2. Make sure you give us more information/detail your job responsibilities, not just the job title. Many job titles are organization-specific, and don’t really tell me (or a potential employer) what you did in your job.
  3. Know when to balance relevancy with gaps in your résumé/CV. You don’t want to list things that aren’t relevant (like the fact that you’re president of your knitting club), but you shouldn’t leave off that year you spent bartending if it creates a big gap in your resume. But you don’t need to do a big job description for that year.
Should you list volunteer work? Absolutely - if it’s relevant, and especially if you took a leadership role.

Have questions about the résumé/CV? Leave them in the comments, and I’ll be happy to answer them.

Thanks for reading,
Erin Skelly, Associate Director of Admissions

Sunday, November 8, 2015

Next Week at SAIS: November 9-13, 2015

SAIS hosts events each week, many of which are open to the public.  Even more events are exclusive to SAIS students, faculty, and staff.  The events and speakers on campus are an important part of the SAIS student experience, adding another dimension to a SAIS education. We hope to see you soon.





MONDAY, NOVEMBER 9
"Kurdistan Under Pressure"
10:00 a.m. – Room 500, The Bernstein-Offit Building
Kurdistan Under Pressure Monday, November 9th 2015 10 am - 12 pm Conference Room 500 Keynote address Bayan Sami Abdul Rahman Kurdistan Regional Government Representative in the United States Panelists Daniel Serwer Senior Fellow, CTR-SAIS Director, SAIS Conflict Management Program Nusseibeh Younis Senior Fellow, Atlantic Council Yael Mizrahi SAIS Middle East and Conflict Management Student Moderator Sasha Toperich Senior Fellow and Director of the Mediterranean Basin Initiative at SAIS. Media and members of the public should RSVP here.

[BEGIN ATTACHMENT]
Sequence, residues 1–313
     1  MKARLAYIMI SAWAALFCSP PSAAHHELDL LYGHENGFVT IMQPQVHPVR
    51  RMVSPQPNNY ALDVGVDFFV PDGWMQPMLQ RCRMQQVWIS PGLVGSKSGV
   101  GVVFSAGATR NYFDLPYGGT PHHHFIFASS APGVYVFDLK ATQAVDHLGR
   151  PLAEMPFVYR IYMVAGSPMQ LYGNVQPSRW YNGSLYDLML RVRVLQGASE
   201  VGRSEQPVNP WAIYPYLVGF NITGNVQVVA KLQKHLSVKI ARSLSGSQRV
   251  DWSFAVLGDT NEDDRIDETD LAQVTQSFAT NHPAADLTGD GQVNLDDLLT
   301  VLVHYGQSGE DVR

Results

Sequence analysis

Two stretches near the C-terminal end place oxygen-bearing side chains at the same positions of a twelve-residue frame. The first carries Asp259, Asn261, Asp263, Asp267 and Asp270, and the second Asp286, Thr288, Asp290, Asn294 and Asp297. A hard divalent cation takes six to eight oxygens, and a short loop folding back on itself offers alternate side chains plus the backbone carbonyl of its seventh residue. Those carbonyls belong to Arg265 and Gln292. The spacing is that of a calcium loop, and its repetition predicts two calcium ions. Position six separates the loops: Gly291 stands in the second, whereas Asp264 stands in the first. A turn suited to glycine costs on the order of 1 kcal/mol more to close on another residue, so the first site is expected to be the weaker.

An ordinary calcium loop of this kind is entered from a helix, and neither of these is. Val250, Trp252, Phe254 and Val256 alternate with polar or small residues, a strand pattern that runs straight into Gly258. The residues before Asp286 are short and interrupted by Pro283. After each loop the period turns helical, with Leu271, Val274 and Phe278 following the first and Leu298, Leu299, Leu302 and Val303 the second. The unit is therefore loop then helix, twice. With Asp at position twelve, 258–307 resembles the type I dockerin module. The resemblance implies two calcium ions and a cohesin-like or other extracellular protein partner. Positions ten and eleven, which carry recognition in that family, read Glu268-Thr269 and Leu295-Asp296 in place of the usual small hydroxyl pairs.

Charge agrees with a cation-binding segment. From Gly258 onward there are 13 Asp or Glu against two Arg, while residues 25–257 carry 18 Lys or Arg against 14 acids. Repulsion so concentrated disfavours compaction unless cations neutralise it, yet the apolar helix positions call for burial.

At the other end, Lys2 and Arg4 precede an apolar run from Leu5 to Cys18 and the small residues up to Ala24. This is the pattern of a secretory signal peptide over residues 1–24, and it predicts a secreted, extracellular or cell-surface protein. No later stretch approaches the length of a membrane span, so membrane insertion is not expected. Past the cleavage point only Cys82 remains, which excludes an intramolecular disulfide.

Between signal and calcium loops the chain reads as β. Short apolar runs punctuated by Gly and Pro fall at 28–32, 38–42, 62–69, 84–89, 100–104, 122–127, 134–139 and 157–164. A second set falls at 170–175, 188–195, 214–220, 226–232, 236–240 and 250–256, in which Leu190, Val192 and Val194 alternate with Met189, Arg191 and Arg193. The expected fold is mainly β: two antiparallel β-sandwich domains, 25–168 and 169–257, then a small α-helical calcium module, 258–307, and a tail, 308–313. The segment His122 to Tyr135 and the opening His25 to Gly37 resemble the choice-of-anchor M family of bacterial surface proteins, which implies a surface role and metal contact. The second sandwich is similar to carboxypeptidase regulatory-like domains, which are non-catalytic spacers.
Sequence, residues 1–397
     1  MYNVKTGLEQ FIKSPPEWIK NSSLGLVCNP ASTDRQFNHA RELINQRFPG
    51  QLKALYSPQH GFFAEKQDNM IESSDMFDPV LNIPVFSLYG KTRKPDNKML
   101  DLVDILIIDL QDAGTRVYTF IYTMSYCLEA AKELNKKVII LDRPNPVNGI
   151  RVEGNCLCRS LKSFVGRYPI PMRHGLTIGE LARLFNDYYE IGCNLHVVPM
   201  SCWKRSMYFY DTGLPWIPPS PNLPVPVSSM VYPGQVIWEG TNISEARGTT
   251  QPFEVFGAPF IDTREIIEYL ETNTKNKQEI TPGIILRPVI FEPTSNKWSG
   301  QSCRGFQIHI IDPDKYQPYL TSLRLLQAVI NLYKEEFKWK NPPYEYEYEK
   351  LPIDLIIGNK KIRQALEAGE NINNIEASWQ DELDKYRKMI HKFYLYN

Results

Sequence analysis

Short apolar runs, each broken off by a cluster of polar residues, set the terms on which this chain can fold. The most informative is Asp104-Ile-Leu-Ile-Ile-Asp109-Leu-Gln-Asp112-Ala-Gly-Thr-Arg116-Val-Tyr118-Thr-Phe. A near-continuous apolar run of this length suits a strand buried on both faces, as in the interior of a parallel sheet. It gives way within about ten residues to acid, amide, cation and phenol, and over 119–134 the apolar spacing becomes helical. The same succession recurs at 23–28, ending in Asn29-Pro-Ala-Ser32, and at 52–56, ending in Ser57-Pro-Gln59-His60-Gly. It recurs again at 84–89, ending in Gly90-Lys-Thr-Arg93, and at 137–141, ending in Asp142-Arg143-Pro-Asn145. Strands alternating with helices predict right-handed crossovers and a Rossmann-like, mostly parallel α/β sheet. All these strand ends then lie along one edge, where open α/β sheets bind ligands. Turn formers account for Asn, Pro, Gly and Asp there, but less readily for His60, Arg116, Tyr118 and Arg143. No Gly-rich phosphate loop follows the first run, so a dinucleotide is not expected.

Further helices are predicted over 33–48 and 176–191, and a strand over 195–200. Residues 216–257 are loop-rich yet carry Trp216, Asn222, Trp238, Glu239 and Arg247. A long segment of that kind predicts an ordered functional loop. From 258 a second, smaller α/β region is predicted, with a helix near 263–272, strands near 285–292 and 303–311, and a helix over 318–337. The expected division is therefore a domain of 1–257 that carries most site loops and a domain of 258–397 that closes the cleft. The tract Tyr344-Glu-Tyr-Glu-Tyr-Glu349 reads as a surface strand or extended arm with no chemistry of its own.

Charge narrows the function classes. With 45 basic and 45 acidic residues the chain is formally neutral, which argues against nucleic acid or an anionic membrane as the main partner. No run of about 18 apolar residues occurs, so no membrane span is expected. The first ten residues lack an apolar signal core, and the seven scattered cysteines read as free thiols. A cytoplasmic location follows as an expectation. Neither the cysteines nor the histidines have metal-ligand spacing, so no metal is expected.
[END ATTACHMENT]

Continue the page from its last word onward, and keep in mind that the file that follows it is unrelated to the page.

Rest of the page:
TUESDAY, NOVEMBER 10
"JET Talks: Baseball and the US-Japan Relationship"
Auditorium, Rome Building 
George Rose will explore the evolution of the baseball relationship between Japan and the United States. He will discuss the emergence of Japanese talent in Major League Baseball starting with the debuts of Japanese pitching talent that eventually led to the likes of Ichiro and Hideki Matsui. He will also look at how American players make the transition to the Japanese game and how they are viewed on that side of the Pacific. Seats are limited, so RSVP here.

WEDNESDAY, NOVEMBER 11

“Turkey with the Brakes Off: What Does Erdogan's Victory Mean?”
5:00 p.m. – Rome Auditorium
Turkey's ruling AKP restored its majority in parliament on Nov 1. But the election was held after President Erdogan refused to accept the June 7 election's results, sabotaged efforts to form a coalition government, relaunched war in the country’s southeast – and after a massive suicide bombing in Ankara. Will this election stabilize Turkey? What does this election mean for Turkey's regional posture, and what kind of partner will it be for the U.S.? For more information and to RSVP, please click here.

THURSDAY, NOVEMBER 5

Evolution or Revolution?: Restructuring Finance for a New Global Economy with Bertrand Badré”
4:30 p.m.—Kenney-Herter Auditorium - The Nitze Building